THE BATTLE BETWEEN APPS vs WEBSITES

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A mobile app is a software application designed to run on a mobile device such as a smartphone or tablet computer. We currently live in a world where everything is digital. Today, most of us own smartphones. There is suddenly an increasing demand for mobile apps. The demand for apps is at an all-time high now. They are typically available through app stores which are operated by the owners of the mobile operating system. Mobile apps can be used to buy music, pay bills, play games, sending messages etc. Let us have a look at the battle between apps vs websites.

Why are apps better than websites?

1) They can be faster. No browser overhead of CSS and HTML and JavaScript hacks, just pure native UI elements retrieving precisely the data they need to display what the user requests.

2) They use simple, native UI controls. Rather than Imagineering whatever UI designers and programmers can dream up, why not pick from a well-understood palette of built-in UI controls on that tablet or phone, all built for optimal utility and affordance on that particular device?

3) They make better use of screen space. Because designers have to fit just the important things on 4-inch diagonal mobile screens or 10-inch diagonal tablet screens, they’re less likely to fill the display up with a bunch of irrelevant noise or design flourishes. Just the important things.

4) They work better on the go and even offline. In a mobile world, you can’t assume that the user has a super fast, totally reliable Internet connection. So you learn to design apps that download just the data they need at the time they need to display it, and have sane strategies for loading partial content and images as they arrive. That’s assuming they arrive at all. You probably also build in some sort of offline mode, too, when you’re on the go and you don’t have connectivity.

Example:

Amazon web:

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The website has a complex UI.

Amazon app:

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The app has a simple UI.

Comparison with mobile web:

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Source: eMarketer

The Mobile Web refers to browser-based Internet services accessed from handheld mobile devices, such as smartphones or feature phones, through a mobile or other wireless network. The vast majority of mobile users expect mobile sites to load in 3 seconds or less and about half will never return to a site that has had previous performance problems. A mobile website will take 10 sec to open while an app will take 1 sec to open. It consumes a lot of battery. Some mobile sites can be cluttered with ads, popups, and content you don’t need to see on mobile. Most mobile sites weigh as much as their desktop versions because they are mobile-adapted, not mobile optimized. Nowadays a lot of people are spending more time on mobile apps. The number of people using mobile apps over has also increased over time.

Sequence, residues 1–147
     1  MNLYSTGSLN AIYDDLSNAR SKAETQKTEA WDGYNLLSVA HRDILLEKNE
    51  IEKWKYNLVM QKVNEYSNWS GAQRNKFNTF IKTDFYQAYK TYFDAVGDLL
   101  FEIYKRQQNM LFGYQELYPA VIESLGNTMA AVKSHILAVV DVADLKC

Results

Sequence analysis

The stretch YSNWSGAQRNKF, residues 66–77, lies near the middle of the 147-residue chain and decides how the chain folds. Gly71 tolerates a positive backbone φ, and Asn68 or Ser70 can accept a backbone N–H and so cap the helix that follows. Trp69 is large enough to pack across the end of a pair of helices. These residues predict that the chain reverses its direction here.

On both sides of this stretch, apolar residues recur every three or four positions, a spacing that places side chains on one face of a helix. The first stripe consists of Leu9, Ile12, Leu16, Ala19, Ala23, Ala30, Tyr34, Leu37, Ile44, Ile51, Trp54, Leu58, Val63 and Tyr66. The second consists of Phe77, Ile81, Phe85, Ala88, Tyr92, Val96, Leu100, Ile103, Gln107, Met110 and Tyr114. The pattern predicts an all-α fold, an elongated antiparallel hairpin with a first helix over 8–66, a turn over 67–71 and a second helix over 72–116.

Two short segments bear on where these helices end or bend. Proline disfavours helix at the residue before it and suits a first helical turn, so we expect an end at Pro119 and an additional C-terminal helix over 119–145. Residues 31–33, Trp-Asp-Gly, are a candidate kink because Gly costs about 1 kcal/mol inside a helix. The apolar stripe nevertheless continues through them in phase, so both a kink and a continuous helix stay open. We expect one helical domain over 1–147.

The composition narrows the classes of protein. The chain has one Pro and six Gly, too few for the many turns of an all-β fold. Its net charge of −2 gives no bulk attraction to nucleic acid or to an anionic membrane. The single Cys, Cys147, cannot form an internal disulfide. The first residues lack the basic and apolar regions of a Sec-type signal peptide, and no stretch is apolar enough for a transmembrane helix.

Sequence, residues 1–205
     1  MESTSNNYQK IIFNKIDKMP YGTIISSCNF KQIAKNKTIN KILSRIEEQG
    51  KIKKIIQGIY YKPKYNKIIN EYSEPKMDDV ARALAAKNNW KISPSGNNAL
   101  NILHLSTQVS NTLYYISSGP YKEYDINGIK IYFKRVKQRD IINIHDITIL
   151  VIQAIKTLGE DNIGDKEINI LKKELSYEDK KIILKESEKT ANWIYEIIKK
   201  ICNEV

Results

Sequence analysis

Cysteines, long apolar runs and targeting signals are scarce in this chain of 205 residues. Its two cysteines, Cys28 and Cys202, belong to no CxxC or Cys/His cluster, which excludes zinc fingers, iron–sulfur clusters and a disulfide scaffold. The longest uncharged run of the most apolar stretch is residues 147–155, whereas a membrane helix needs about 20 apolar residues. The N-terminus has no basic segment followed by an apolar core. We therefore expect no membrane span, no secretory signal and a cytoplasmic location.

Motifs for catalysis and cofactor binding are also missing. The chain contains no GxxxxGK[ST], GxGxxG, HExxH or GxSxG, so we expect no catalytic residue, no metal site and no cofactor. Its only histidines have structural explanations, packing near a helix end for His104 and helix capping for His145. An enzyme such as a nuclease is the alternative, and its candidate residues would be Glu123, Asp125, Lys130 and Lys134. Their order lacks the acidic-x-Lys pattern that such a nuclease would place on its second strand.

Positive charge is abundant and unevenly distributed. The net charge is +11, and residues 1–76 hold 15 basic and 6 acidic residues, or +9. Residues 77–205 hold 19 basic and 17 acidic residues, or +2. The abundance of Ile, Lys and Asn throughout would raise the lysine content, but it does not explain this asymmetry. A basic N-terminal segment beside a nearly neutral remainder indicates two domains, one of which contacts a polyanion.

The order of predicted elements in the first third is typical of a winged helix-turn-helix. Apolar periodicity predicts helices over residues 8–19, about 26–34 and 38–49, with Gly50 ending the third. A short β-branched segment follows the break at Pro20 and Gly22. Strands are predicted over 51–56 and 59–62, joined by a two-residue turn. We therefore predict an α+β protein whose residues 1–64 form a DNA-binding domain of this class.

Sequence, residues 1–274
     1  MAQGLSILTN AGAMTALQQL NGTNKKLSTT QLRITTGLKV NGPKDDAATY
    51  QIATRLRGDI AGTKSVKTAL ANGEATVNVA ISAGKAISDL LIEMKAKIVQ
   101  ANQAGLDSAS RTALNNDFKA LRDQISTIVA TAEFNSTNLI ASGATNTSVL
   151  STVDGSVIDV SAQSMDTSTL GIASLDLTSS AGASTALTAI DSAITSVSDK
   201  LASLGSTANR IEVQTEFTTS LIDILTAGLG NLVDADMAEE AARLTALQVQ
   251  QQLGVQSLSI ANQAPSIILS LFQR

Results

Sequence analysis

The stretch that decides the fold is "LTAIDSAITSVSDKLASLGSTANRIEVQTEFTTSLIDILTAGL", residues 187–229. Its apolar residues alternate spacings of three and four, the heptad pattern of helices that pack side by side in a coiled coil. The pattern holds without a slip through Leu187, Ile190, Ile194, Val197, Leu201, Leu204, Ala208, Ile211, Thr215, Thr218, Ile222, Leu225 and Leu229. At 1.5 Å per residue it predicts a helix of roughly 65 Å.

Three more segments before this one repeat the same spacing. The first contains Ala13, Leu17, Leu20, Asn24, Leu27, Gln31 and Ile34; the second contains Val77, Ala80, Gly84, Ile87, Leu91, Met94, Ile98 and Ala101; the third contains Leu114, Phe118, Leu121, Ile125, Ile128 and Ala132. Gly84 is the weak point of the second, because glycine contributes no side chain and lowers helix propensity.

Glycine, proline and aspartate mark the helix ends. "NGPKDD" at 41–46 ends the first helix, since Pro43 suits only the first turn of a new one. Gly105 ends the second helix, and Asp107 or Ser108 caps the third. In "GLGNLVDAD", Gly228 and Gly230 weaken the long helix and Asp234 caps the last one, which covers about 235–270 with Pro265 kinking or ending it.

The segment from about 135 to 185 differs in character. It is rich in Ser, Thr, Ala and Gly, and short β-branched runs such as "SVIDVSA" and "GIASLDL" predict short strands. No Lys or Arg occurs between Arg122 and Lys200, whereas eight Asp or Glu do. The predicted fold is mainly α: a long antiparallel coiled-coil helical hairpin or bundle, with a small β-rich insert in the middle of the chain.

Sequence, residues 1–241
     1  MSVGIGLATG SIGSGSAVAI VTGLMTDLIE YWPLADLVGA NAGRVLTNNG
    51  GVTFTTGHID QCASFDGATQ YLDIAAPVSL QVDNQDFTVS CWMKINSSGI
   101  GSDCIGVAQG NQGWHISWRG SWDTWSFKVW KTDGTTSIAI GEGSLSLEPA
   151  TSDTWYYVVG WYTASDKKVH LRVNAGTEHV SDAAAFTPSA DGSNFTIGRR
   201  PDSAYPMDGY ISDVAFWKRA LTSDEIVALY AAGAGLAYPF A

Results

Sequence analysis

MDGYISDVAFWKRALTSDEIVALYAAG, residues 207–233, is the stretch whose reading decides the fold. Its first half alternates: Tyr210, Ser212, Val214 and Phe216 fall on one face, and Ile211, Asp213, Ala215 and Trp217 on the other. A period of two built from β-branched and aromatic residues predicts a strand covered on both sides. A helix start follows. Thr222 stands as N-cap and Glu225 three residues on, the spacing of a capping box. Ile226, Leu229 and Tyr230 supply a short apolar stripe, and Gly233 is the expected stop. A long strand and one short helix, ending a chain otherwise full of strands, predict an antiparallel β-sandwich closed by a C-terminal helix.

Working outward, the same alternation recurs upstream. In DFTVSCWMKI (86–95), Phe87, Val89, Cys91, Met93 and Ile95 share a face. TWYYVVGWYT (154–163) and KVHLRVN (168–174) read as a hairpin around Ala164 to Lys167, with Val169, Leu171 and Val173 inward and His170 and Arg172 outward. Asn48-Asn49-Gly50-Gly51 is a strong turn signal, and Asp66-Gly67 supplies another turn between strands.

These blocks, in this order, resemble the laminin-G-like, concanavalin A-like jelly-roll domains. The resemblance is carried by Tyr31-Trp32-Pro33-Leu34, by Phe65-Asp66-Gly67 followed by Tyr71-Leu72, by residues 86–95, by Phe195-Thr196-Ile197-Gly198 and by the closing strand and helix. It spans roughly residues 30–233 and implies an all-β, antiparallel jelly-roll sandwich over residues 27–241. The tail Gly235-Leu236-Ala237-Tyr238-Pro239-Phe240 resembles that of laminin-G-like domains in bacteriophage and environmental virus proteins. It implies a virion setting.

Major Problems of Mobile Web:

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1) Small screen size – This makes it difficult or impossible to see text and graphics dependent on the standard size of a desktop computer screen.

2) Lack of windows – On a desktop computer, the ability to open more than one window at a time allows for multi-tasking and for easy revert to a previous page. Historically on the mobile web, only one page could be displayed at a time, and pages could only be viewed in the sequence they were originally accessed. But Opera Mini was among the first allowing multiple windows, and browser tabs have become commonplace but few mobile browsers allow overlapping windows on the screen.

3) Navigation – Navigation is a problem for websites not optimized for mobile devices as the content area is large, the screen size is small, and there is no scroll wheel or hover box feature.

4) Lack of JavaScript and cookies – Most devices do not support client-side scripting and storage of cookies, which are now widely used for most Web sites to enhance the user’s experience, facilitating the validation of data entered by the page visitor, etc. This also results in web analytics tools being unable to uniquely identify visitors using mobile devices.

5) Types of pages accessible – Many sites that can be accessed on a desktop cannot on a mobile device. Many devices cannot access pages with a secured connection, Flash or other similar software, PDFs, or video sites, although as of 2011, this has been changing.
5 Speed – On most mobile devices, the speed of service is slow, sometimes slower than dial-up Internet access.

6) Broken pages – On many devices, a single page as viewed on a desktop is broken into segments, each treated as a separate page. This further slows navigation.

7) Compressed pages – Many pages, in their conversion to the mobile format, are squeezed into an order different from how they would customarily be viewed on a desktop computer.

8) The size of messages – Many devices have limits on the number of characters that can be sent in an email message.

9) Cost – the access and bandwidth charges levied by cellphone networks can be high if there is no flat fee per month.

Conclusion:

Although a mobile app functions a lot like a mobile website. A mobile app can be closed or inactive, but still, work in the background to send geo-targeted push notifications and gather data about customer’s preferences and behaviors. It’s also much easier to access a mobile app than a mobile website. So Apps are winning in the race right now.